By John Schaffner

Kimanne Allen and Stacey Elgin lost their condominiums at Arborgate in south Buckhead because they could not continue mortgage payments and condo association fees on two homes. They could not live in their Arborgate homes because of extensive damage caused by erosion from a broken water pipe in January 2006.

After three years of battling with the Arborgate condominium owners association and management company to make her home livable, Andrea Nardello gave up the idea of returning to her condo in building B-120 at Arborgate and moved back to New Jersey and in with her parents. She also could not afford two home mortgage payments.

Of the four professional women who owned condo units in B-120 at Arborgate in mid-June 2007, when the Buckhead Reporter first told of their fight and plight with their condo association and management firm, only Karen O’Brien still lives at Arborgate.

O’Brien has lived at Arborgate on Biscayne Drive since 1998, except for the period last year when she and Nardello were forced by the city to vacate their condos because of unsafe structural conditions until mandated repairs were made.

Allen, who bought her unit in January 2006, and Elgin, who bought her unit earlier but rented it out while she lived out of state, were never able to move into their units in 2006 because of erosion problems that caused cracked and separated walls, sagging floors, severely weakened foundations, aging and ruptured water pipes, and the threat of ruptured gas pipes at B-120. When Arborgate was built in the 1960s, the water pipes and gas lines were run under the concrete floor of the condo units.

It took until June 2007 and inspections by the city that resulted in the condo association being slapped with a code violation to get a court mandate to reroute the water and gas lines and to stabilize the foundations of the four B-120units. The four women have had pending lawsuits against the Arborgate condo owners association and management company for more than two years. They are seeking reimbursement for out-of-pocket expenses, engineering reports, leveling of the floors, rental of a secondary living space during repair work, rental of storage units and lawyer fees.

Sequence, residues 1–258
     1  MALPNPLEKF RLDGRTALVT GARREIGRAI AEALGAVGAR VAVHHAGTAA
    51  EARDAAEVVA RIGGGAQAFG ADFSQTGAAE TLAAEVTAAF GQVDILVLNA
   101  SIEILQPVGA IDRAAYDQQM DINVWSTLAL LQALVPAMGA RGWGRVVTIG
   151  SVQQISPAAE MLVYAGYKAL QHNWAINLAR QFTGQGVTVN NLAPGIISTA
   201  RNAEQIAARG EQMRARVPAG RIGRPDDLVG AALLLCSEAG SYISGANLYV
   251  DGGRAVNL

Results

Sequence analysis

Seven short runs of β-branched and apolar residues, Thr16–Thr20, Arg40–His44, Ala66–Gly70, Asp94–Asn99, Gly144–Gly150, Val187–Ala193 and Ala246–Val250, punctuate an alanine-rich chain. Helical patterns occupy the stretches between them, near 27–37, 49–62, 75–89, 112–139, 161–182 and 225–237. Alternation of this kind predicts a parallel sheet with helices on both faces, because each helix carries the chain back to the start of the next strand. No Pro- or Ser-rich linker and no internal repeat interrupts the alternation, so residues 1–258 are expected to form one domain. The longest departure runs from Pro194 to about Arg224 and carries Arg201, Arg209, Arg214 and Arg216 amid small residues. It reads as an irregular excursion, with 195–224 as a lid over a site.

Depositions are completed, but no hearing date has been set, Nardello said.

Nardello, who moved to New Jersey in January, said the foundation of the building essentially has been fixed, “but only to the extent it is stabilized. There still was a 3-inch slant to the ground-level floor, and the top level of the condo also slants.”

She said the condo association and management company refused to pay to level the floors. It cost her $3,000 to have a company level the ground floor using a leveling compound, then put the flooring back in place.

Asked how she deals with furniture on the second story, where the floors still slant, Nardello said: “You have to get very creative.”

During the time the foundation work and other repairs were being done to their units and they had to vacate their condos, the women had to rent storage units for their furniture and other belongings. Sometime after she moved to New Jersey, the association sent a notice to her Atlanta condo, telling her to have the portable storage unit removed in three to four weeks or she would be fined and face a possible lien on her condo.

Nardello told the Buckhead Reporter she never intends to move back into her condo in B-120. But she cannot even put it up for sale until the lawsuit is settled, and she has no idea when that will be.

Meanwhile, O’Brien continues to live at Arborgate, and Allen and Elgin have given up and moved on with their lives. But all are hoping to get some compensation for not being able to enjoy their homes for more than two years.